I was at the dentist today when out of the blue my dentist told me that I get cavities quite easily and that I should start taking xylitol mints after eating. He tells me this while my mouth is crammed with gauze, a dental dam and a drill so I didn’t have a chance to ask WHY until the end.
When my mouth was free again and I remembered his demand that I buy Xylitol mints I asked about it and he went into a little more detail. He told me that some people get get cavities more easily than others because of the type of bacteria in their mouths. He went on to tell me that we’re born without our mouth bacteria and that we get it from our environment – usually from our mothers who taste our food as babies before they feed us.
It sounded vaguely like a scam being perpetuated by the sugar free/dental industry, but by the end he’d convinced me to at least try it out. Apparently taking Xylitol mints after each meal is a god way to improve the environment in our mouths. According to my dentist bad bacteria that feeds on sugar and causes cavities in our mouths will eventually die out due the the Xylitol and will over time leave us with a healthier colony of bacteria that’s less inclined to cause cavities.
I’m willing to try this because popping a few mints after each meal is harmless, but here’s what the internet has to say about Xylitol.
What is Xylitol?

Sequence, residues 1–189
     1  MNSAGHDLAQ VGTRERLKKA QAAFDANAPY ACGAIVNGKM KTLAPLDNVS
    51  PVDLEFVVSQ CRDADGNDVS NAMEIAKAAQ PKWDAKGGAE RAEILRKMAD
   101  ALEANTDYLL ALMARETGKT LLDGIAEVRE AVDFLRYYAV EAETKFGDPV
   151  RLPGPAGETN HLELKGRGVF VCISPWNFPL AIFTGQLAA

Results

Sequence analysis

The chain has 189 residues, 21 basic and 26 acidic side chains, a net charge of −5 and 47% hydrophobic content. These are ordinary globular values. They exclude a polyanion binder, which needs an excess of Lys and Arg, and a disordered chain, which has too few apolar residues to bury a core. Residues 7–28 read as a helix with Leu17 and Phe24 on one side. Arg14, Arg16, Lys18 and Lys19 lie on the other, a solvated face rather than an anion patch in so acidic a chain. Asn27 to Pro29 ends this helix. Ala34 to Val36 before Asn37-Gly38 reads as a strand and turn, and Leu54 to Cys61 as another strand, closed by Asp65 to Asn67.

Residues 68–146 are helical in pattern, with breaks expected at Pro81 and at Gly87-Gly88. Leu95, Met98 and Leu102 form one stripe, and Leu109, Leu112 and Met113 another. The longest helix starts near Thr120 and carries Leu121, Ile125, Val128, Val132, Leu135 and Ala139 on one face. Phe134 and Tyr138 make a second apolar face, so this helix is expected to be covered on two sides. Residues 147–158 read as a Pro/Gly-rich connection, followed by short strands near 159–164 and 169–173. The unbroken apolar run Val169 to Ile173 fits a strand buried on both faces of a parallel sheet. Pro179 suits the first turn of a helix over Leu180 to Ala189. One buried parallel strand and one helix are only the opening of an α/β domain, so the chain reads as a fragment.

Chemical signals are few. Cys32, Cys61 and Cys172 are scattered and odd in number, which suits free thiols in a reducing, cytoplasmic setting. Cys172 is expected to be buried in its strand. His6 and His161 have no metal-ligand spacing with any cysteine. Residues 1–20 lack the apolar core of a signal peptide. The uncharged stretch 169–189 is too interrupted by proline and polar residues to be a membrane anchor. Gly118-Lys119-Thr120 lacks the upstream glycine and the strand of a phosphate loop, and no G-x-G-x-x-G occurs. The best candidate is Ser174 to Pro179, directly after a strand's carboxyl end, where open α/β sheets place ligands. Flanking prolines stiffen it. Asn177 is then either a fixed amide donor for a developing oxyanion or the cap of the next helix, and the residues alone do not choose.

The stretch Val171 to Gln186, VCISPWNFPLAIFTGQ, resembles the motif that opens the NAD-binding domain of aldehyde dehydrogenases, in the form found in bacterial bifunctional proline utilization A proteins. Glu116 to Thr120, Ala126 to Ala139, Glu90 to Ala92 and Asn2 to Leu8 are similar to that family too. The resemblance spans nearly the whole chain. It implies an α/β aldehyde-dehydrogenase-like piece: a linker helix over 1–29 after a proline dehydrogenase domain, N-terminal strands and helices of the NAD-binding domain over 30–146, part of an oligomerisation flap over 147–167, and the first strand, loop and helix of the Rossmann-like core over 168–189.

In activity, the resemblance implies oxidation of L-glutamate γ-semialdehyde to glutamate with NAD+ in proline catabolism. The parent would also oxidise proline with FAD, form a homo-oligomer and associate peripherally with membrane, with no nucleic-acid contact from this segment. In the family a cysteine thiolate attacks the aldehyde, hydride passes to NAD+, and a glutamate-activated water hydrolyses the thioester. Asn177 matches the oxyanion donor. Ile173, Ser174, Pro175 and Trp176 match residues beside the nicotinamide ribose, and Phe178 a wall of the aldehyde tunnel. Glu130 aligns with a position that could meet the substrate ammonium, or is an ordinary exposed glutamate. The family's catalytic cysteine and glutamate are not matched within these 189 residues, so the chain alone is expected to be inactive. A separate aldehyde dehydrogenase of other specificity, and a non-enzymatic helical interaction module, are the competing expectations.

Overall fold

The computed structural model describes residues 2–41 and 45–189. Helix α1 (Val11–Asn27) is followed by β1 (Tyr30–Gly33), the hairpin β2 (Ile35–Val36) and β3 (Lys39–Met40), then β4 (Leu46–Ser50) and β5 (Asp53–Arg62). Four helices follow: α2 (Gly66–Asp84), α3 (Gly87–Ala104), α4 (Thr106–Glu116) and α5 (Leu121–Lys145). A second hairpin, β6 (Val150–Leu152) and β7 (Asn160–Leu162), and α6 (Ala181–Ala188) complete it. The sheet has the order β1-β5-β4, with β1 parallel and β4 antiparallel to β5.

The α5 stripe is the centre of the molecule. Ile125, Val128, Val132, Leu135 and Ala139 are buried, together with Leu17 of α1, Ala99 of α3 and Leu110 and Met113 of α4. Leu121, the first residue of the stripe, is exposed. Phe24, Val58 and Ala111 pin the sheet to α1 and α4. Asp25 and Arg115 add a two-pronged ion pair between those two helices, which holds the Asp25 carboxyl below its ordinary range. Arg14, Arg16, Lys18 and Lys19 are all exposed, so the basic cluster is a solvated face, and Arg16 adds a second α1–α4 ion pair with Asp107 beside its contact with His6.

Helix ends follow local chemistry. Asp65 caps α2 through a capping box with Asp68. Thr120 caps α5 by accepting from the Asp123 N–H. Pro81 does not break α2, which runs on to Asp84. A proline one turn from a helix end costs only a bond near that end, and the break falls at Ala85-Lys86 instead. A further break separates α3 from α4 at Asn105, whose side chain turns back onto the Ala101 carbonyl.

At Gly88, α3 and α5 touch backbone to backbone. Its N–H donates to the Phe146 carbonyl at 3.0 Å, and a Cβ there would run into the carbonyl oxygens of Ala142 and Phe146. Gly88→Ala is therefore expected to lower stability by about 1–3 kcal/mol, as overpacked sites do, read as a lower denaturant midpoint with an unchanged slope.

Xylitol is a naturally occurring alcohol found in most plants, including many fruits and vegetables. It’s mainly extracted from birch wood and is used a a sugar substitute in ‘sugar-free’ gum and candy. Structurally Xylitol is different than sugar because it has five, not six carbon atoms. Most mouth bacteria cannot make use of such sugars, which is why xylitol can help prevent cavities.
Benefits of Xylitol?
Well – according to Xylitol Canada, which may be biased, Xylitol is a dentist’s dream. It reverses the negative effects of sugar on your oral health. Because Xylitol is non-fermentable it can’t be converted to acids by oral bacteria, which helps to restore a proper alkaline/acid balance in the mouth. This alkaline environment is inhospitable to all the bad bacteria, and it inhibits plaque formation.
Long-term use suppresses the most harmful strains of oral bacteria, making a long-lasting change in those bacterial communities. Xylitol even has the ability to enhance the mineralization of the enamel. It is most effective in treating small decay spots. Although larger cavities won’t go away, they can harden and become less sensitive.
How to add Xylitol to your diet
Using xylitol right before bedtime, after brushing and flossing, protects and heals the teeth and gums. The best way to start adding it to your diet is to pop a couple of xylitol mints after each meal. You could consider this a fairly affordable supplement, and if in fact it will save your teeth it’s definitely worth it. I’ve picked up this pack of mints from Spry
Xylitol is said to be safe in the amounts found in food. It seems safe as a medicine for most adults in amounts up to about 50 grams per day. Higher doses is known to cause diarrhea and stomach discomfort. There is some concern that extremely high doses for long periods of time (more than three years) can cause tumors.
There seem to be some alarmists out there, but overall Xylitol seems to be safe and beneficial when taken in small quantities. To me it’s worth trying as it’s relatively affordable and easy to include in your diet and if it really is as good for oral health as the industry claims then it would be well worth the effort of popping a few mints after a meal.